Julie tells us that we'll be able to send in our own sabotage ideas and the saboteurs will pick one. Because the producers can't come up with enough ideas on their own. But for now, the saboteur is on his or her own. Suuure he or she is, as we're about to see.
Julie cuts to the living room, where everyone is hanging out talking about how much nicer this season's house is, when all the lights suddenly go out. Enzo says he knows it was the saboteur, and says that he figures that someone will be missing when the lights come on, and that'll be the perp. How will the saboteur ever avoid detection by this acute investigative mind? Brendon, thinking this is a signal for bedtime, goes groping through the stygian blackness to get his toothbrush and toothpaste, displaying a remarkable capacity for blind obedience in more ways than one. And Andrew, because he hasn't done enough to draw attention to himself yet, decides to sneak around and mess with people's heads, making random noises. The lights come back on and Andrew is busted, and then there's another video message form the saboteur on the big screen, taunting them: "If you weren't so afraid of the dark, you would have caught me." The figure says the storage room door is now padlocked, blocking access to all their food and supplies, and so it is. "But don't worry, there's plenty of slop in the kitchen to go around," the voice says. While everyone tries to figure out who did it -- and since half these people are just now arriving at the clever conclusion that the door must have been locked while the lights were out -- Brendon confesses that he brushed his teeth, and a lot of fingers are pointed at Andrew. Seriously, who pretends to be the saboteur? I don't know who's dumber, him for making himself a target or everyone else for thinking a saboteur, who clearly has a lot of support from production, would be that obvious.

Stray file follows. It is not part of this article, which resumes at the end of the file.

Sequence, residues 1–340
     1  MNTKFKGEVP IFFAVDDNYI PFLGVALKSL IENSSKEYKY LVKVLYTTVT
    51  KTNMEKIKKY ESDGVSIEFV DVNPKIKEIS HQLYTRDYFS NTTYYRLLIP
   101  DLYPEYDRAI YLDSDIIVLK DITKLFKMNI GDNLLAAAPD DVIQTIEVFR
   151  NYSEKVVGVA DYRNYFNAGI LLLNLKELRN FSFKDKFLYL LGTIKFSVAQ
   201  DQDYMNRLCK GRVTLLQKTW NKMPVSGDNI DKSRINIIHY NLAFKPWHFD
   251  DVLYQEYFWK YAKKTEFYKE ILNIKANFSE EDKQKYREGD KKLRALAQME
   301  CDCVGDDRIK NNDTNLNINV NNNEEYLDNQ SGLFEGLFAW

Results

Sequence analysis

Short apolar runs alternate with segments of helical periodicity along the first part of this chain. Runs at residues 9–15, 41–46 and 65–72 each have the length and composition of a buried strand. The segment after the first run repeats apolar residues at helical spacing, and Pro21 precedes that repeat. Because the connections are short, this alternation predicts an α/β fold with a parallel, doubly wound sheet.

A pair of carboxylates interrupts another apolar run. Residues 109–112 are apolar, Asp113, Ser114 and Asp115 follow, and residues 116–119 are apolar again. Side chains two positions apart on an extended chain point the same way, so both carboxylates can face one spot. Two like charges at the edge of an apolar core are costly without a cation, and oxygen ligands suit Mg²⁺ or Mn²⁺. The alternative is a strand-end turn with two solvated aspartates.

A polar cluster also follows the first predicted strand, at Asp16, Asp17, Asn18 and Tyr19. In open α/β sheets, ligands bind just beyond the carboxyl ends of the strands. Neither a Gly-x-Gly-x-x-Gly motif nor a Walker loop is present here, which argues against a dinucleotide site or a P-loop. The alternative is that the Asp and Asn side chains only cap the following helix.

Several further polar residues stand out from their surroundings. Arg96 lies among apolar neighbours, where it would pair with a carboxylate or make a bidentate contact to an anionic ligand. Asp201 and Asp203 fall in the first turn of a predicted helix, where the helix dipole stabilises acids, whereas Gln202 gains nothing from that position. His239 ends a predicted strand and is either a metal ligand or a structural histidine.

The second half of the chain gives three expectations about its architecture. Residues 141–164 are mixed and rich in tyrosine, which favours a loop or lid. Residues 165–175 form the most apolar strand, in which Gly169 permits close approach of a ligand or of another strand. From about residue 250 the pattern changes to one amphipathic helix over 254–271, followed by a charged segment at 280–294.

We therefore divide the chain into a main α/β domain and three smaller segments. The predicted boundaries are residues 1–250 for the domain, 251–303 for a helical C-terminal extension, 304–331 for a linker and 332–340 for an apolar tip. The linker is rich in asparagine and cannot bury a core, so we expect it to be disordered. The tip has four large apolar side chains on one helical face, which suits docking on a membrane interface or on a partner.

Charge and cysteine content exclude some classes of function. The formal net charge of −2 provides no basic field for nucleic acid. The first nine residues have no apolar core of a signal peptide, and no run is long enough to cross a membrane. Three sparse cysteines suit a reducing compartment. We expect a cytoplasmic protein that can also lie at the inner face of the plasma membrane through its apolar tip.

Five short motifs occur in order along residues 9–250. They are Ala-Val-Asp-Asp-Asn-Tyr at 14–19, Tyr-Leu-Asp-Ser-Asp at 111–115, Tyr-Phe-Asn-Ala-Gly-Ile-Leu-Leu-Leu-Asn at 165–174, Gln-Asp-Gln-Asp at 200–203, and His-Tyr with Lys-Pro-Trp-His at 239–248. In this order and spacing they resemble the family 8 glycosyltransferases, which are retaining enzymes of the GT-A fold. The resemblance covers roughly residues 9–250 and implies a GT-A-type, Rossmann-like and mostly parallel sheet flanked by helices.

Then there's a lot of promos for the coming week, in which among other things, we learn that the saboteur will be revealed to us, the viewers, next Thursday. And then we return to the living room, which is like the scene of a locked-room murder mystery, if the locked room were in a convalescent home for people with debilitating brain injuries.
I tell you, summer used to go by fast for me up here in Minnesota, but this gig is the best way I can think of to make it drag on forever.
M. Giant is a Minneapolis-based writer with a wife, a son, and a number of cats that seems to have settled at around two. Learn waaaay too much about him at Velcrometer, follow him on Twitter, or just e-mail him at m.giant[at]gmail.com.